The City of Burlington was one of these sponsors, contributing the prestigious “Mayor’s Cup” and providing the committee with a city facility (for some years now the Tansley Woods Center’s large room) for its awards evening, which draws some two hundred attendees.


This award used to be called the Mayor’ Cup.

The name of the award was changed to Burlington Civic Rose Award.   An award that had a history and a tradition got away on the Mayor – or rather he didn’t understand the social value of these things.  He does now – thus the two new awards.

Maybe the Mayor will develop a green thumb and do kissy kissy make up with the gardener’s?

After a term and a half in office the Mayor has figured it out – people want this kind of expression of approval coming from the Office of the Mayor.

He now has two awards that are given in his name:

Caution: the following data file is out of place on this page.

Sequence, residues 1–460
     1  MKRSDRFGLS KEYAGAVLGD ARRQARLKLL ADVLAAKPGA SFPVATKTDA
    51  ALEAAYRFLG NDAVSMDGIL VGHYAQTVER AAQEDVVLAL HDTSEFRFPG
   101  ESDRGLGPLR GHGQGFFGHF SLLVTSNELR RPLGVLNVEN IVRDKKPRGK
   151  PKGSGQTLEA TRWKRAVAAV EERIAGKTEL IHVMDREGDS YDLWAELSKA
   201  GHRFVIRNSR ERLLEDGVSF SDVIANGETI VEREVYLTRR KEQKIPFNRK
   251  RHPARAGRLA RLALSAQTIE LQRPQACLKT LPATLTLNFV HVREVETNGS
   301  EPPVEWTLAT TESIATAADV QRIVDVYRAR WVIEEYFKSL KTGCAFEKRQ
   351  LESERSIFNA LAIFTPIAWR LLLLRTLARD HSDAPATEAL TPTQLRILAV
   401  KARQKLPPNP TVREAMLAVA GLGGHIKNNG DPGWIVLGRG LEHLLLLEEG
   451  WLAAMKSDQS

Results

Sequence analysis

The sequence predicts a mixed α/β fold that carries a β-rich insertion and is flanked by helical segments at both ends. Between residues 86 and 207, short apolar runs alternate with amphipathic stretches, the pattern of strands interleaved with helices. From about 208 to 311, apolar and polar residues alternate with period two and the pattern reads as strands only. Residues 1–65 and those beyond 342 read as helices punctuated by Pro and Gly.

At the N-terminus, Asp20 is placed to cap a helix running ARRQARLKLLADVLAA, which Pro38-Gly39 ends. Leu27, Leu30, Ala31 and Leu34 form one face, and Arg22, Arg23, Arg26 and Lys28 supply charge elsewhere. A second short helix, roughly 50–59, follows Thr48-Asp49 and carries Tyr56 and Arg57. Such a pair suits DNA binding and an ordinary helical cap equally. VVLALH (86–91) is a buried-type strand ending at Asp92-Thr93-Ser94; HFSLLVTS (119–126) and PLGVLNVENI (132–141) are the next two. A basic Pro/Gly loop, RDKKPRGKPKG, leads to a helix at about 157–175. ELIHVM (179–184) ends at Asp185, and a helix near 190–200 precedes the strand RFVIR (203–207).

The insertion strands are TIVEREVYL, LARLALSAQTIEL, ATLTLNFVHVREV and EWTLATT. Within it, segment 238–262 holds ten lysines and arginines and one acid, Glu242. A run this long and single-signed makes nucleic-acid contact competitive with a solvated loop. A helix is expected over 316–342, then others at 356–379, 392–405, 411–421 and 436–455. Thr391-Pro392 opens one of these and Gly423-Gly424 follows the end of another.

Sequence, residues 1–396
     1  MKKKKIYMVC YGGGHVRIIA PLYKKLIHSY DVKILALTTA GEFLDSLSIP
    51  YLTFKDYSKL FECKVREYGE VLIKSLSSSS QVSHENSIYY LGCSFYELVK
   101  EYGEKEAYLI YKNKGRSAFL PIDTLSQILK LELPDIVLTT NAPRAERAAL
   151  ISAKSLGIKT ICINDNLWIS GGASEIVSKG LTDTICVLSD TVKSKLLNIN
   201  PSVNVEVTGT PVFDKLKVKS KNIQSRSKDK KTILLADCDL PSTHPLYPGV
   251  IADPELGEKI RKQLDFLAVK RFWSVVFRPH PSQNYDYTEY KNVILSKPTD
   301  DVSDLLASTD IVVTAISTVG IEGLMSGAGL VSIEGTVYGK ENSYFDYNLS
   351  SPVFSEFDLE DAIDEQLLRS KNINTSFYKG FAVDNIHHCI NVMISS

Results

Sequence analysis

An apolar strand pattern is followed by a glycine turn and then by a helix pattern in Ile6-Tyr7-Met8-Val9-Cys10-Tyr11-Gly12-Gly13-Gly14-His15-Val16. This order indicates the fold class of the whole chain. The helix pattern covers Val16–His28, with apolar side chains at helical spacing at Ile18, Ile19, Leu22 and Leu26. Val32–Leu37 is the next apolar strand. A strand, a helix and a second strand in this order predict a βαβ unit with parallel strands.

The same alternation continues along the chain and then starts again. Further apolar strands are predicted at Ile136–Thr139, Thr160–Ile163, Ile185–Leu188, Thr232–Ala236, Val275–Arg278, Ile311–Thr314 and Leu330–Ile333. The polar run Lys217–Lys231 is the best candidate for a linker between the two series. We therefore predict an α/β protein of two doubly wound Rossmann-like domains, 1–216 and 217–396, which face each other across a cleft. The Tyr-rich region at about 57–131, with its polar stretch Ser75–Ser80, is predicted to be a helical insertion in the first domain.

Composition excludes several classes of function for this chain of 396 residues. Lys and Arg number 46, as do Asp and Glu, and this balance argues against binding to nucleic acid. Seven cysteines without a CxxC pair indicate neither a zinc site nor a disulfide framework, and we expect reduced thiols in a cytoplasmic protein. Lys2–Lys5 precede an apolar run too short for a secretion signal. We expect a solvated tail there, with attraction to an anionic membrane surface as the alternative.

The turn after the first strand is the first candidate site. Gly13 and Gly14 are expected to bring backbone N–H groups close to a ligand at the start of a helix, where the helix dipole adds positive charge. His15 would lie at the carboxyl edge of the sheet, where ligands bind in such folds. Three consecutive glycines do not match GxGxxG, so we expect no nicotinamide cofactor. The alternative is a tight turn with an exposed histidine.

Mayor’s Community Service Awards and the Mayor’s Sustainable Green Business Award.

The Mayor’s Community Service Awards recognize social responsibility demonstrated by for-profit and not-for-profit organizations.

The Mayor’s Sustainable Green Business Award honours sustainable business practices.

“These awards provide a meaningful opportunity to recognize outstanding organizations and businesses that make our city a great place to live and work,” said Burlington Mayor Rick Goldring.

Nominations for both are now open.

Submit your nomination and help us celebrate the people who go above and beyond every day in our community.”

Wagner Brandon with Mayor

Brandon Wagner – a formidable wheelchair basket ball player being recognized by Mayor Goldring and Councillor Paul Sharman